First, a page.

Massachusetts Tosses Out ‘Traumatic’ Test Question About ‘The Underground Railroad’

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Neetu Arnold Contributor
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Massachusetts education officials took the rare step of discarding a statewide exam question that some perceived as racially insensitive and even “traumatic.”

The prompt asked 10th grade students to write an essay from the point of view of a white woman who is not sure about helping a runaway slave, The Associated Press reported Thursday. It was based on a passage from the Pulitzer Prize-winning novel “The Underground Railroad” by Colson Whitehead.

Massachusetts Department of Elementary and Secondary Education (DESE) Commissioner Jeffrey Riley decided the specific question would not be graded, according to a message DESE gave Thursday to The Daily Caller News Foundation.

“Students who have already answered the question will not have it scored, and students who take the makeup test this week will be instructed not to answer that question,” Riley wrote to superintendents and school leaders Sunday.

The Massachusetts Teachers Association (MTA), Boston Teachers Union, American Federation of Teachers Massachusetts, Massachusetts Education Justice Alliance and New England Area Conference of the NAACP wanted the state to pull the entire exam, according to a press statement Wednesday.

Pictured is a depiction of slavery. SHUTTERSTOCK/aradaphotography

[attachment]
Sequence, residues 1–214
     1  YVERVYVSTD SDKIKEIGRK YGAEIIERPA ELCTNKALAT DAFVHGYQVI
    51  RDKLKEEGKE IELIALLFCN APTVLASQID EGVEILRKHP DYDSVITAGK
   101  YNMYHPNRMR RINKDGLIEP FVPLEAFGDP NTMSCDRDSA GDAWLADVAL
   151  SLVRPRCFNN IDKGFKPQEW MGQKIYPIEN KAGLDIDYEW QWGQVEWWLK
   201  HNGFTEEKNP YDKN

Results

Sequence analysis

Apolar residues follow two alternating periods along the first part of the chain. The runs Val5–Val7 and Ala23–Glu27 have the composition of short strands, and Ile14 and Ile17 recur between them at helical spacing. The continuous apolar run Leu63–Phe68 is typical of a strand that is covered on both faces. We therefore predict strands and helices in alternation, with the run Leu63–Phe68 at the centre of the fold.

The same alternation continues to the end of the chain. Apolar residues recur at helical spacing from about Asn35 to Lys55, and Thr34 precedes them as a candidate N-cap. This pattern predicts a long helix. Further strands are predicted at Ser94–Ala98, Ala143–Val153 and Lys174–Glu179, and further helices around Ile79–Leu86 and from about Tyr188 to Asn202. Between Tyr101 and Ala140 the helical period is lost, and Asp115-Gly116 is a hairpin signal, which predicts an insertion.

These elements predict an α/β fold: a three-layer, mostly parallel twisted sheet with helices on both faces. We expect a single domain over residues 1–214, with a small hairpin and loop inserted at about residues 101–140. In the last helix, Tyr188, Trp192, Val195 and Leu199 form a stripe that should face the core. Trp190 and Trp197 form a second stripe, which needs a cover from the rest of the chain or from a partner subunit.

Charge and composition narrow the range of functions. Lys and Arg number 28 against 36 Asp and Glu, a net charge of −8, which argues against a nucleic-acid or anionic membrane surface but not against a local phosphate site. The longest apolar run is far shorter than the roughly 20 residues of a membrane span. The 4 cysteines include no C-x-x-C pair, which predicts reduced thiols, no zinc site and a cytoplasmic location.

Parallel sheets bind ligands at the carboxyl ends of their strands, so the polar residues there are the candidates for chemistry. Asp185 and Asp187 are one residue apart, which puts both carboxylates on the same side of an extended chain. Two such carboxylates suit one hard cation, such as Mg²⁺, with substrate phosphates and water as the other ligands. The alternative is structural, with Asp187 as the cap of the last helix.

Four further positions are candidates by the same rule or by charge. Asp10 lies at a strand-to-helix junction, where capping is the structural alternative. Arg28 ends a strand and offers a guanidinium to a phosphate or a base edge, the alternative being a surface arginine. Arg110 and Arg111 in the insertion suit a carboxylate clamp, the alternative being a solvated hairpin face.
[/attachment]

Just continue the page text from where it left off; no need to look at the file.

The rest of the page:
Pictured is a depiction of slavery. SHUTTERSTOCK/aradaphotography

“They had to jump in the shoes of a character who harbored racist notions toward the enslaved character in the book,” MTA President Merrie Najimy said, State House News Service reported. “It was traumatic for them, so this group of educators had to conduct counseling in their classrooms as a way of helping their students cope.”

The press statement encourages students to read Whitehead’s book but also comments on small classroom sizes and funding.

“But in order to do so, our students need fully funded schools with small class sizes and teachers who have the academic freedom to guide this complex and emotional discourse so that students are building empathy and understanding of our troubled history,” MTA Vice President Max Page said in the news release.

Whitehead also weighed in on the issue. (RELATED: Virginia Elementary School Apologizes Over Run Away Slave Game)

“Whoever came up with the question has done a great disservice to these kids, and everyone who signed off on it should be ashamed,” Whitehead said in a statement.

The prompt was passed in 2017 by a bias and sensitivity committee arranged by DESE. It was used in a field test in spring 2018 with 1,100 students. There were no reported problems when the item was first used.

A number of educators and students in various districts were concerned about the question regarding slaves, according to the educators’ unions and civil rights groups.

The DESE did not hear concerns from other districts besides Boston Public Schools on March 29, however. It is unclear how many students had an issue with the question.

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